Iowa Attorney General Tom Miller is joining a coalition of 38 attorneys general in suing Google.
The antitrust case alleges Google illegally maintains its monopoly power over general search engines and related advertising markets through a series of anticompetitive exclusionary contracts and conduct. Miller spoke on a conference call today and says the Google case is very much like the suit against Microsoft some 20 years ago.
“The Microsoft case centered on maintenance and monopoly. And this case centers on maintenance and monopoly — and that’s really important,” Miller says. The lawsuit by the states is consistent with the lawsuit filed by the U.S. Department of Justice in October which alleged that Google improperly maintains its monopoly power in general search and search advertising through the use of exclusionary agreements.
“We’re filing the motion to consolidate the case so that will have the cases consolidated in the District of Columbia and litigated together — the Justice Department and the 47 states and the District of Columbia, plus two territories — that this will be a unified effort,” according to Miller. “This case is among other things about power. Google has immense power in the technology world, in the world of the United States in the year 2020. And it’s about the use of that power,” he says.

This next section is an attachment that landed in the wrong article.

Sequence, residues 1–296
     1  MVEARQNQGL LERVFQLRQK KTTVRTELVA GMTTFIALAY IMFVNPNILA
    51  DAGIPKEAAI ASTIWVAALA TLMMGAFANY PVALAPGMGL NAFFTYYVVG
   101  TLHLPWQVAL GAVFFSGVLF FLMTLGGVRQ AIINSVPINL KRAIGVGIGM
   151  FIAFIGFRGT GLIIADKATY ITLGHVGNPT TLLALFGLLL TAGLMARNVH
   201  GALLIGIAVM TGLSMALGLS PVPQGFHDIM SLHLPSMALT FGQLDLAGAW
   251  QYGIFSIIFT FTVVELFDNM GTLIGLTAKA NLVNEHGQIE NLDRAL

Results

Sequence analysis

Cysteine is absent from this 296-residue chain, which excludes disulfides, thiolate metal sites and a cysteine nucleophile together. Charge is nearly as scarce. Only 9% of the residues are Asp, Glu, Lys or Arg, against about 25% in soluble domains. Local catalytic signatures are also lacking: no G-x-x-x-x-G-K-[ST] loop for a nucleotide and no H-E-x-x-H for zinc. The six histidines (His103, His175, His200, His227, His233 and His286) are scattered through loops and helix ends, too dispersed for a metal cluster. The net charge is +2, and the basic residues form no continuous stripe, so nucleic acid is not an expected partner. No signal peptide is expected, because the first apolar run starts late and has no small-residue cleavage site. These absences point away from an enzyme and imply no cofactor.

The lawsuit says Google has deprived consumers of competition that could lead to greater choice, innovation, and better privacy protections. Furthermore, Google has exploited its market position to accumulate and leverage data to the detriment of consumers. “They do maximize their profits that that power grants to them. Including from power of network effects — which makes it in my view a little easier to get to the monopoly and a little easier to maintain that monopoly,” Miller says. “And so, these are questions that are on people’s minds, and rightly so. And I think it’s really important that this case be ligated.”
The attorneys general argue that more competition in the general search engine market would benefit consumers, for example, through improved privacy protections and more targeted results and opportunities for consumers. Iowa is also part of a lawsuit announced December 9th against Facebook, alleging the company broke the law by acquiring potential rivals and cutting smaller competitors off from its platform and services.